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Today, business just doesn’t happen without IT. A large proportion of “business services” – business-critical activities that have a revenue-generating impact – are supported by “IT services”, the underlying IT infrastructure made up of software, hardware, processes and people.

This immediately raises a question about accountability: is the IT service provider or the business process owner ultimately accountable for the success or failure of the business process? The correct answer is “both” and for those responsible for keeping IT systems running, this creates a significant challenge.

Organisations are demanding an increasingly business-like view of the services provided by the IT department. Despite a significant investment in application and infrastructure management tools as well as service desk software, IT leadership and their line-of-business counterparts often lack effective means to align IT service delivery with business objectives.

Many organisations run silos of different kinds of technology, resulting in sprawling IT departments that are hard to manage. In addition, IT management resources are never enough, forcing IT to provide a better service while minimising cost. This makes measuring the effectiveness of IT a formidable task, and the challenge of demonstrating its value to the business considerable.

As the pressure for IT departments to demonstrate their value grows, the visibility of IT processes becomes key. Business Service Management (BSM) addresses this need with top-level comprehensive views of the health of IT systems in terms that make sense to the business.

These solutions analyse system quality, report on the service experienced by users and then provide the data to initiate improvement activities where service levels fall short of business requirements.

A vital by-product of this process is the alignment of IT services with the business processes they enable, allowing IT managers to make service decisions in the context of the business and promoting better communication between IT and the business. IT efforts are prioritised according to business impact and the time taken to repair IT-related problems can be significantly reduced.

This is done through real-time, business-oriented service views that map critical business processes to IT infrastructure. These real-time “dashboards” provide information about business status, including IT service quality, to improve the operational efficiency of critical IT-dependent business processes. The term “dashboard” is used consistently throughout the IT industry to mean a real-time information display.

BSM dashboards also contain historic information about Service-Level Agreement (SLA) breaches. If a breach occurs within an application, the dashboard shows the history of the cause of the service breach, how the IT department handled the problem and the estimated cost to the business.

Operational managers get the necessary information to manage IT problems, and they no longer have to fly blind at the mercy of IT problems. By providing an insight into how well the technology enabling the business is running together with status information about the business processes themselves, these dashboards create an unbreakable link between IT and business processes.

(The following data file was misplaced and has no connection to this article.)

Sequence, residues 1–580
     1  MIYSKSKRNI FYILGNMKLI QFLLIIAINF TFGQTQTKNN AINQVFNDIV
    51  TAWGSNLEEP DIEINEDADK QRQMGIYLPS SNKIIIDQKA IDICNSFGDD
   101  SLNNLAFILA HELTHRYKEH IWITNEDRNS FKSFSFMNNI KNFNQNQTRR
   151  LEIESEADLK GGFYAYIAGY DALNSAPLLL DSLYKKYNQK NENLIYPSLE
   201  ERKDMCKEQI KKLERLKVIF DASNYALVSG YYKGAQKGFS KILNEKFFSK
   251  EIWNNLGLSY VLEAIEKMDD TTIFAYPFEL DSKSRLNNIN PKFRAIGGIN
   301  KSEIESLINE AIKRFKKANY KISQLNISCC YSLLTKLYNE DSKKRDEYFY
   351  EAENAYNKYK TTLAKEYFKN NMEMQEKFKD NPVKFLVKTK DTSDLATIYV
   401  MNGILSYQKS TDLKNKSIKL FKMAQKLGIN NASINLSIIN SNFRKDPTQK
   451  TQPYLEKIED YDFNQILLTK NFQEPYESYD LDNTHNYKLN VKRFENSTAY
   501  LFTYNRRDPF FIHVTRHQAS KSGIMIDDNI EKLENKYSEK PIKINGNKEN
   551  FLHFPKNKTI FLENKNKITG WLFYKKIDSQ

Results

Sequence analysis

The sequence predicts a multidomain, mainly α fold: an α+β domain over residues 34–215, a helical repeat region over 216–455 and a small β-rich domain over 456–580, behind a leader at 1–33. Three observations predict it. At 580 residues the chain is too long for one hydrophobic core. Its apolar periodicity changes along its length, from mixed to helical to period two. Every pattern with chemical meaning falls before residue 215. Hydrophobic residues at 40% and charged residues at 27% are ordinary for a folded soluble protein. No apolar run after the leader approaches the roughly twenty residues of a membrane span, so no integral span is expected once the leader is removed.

This integrated, cohesive view of service delivery enables IT to engage effectively with line-of-business counterparts and communicate service delivery in business terms, so service delivery can be optimised based on business priorities and impact.

So, armed with the dashboard, operational business managers can deal with both the cause and effect of IT problems and are in control of the business processes for which they are responsible. Clearly, the value of the dashboard increases the more the business process depends on IT, but in today’s modern organisations most, if not all, critical business processes are supported by IT.

Associating business services to the supporting application infrastructure enables IT to identify which resources and actions are most critical based on business impact and metrics.

This means that when the help desk is addressing performance problems, they can see which IT services map against which business services and, therefore, determine which need to be prioritised. For example, an application that crashes or becomes unacceptably slow but only affects employees out off hours would not be as important as an accounts receivable application at noon on a busy day.

Another potential benefit of using a Business Service Management tool is that it helps IT show its business unit customers a business-oriented display of how well IT services are performing in support of critical business processes. Business people can see what level of service is being provided to customers, in real-time, and can measure customer satisfaction levels. Having real-time information on the quality of service enables organisations to be more flexible and responsive to ever-changing customer needs.

Serving the core needs of the business with reliable, high-performing applications is critical to success. Specifically, aligning IT to the needs of the business is vital. When IT deliverables are aligned with the business, there is a direct correlation with an improved bottom line.

On the other hand, when there’s a lack of alignment, then IT projects fail, the IT department is viewed as reactive, when fragmented silos that impede organisational collaboration and the IT department no longer serves as a competitive advantage to the business.

Michael Allen is Director of Service Management at Compuware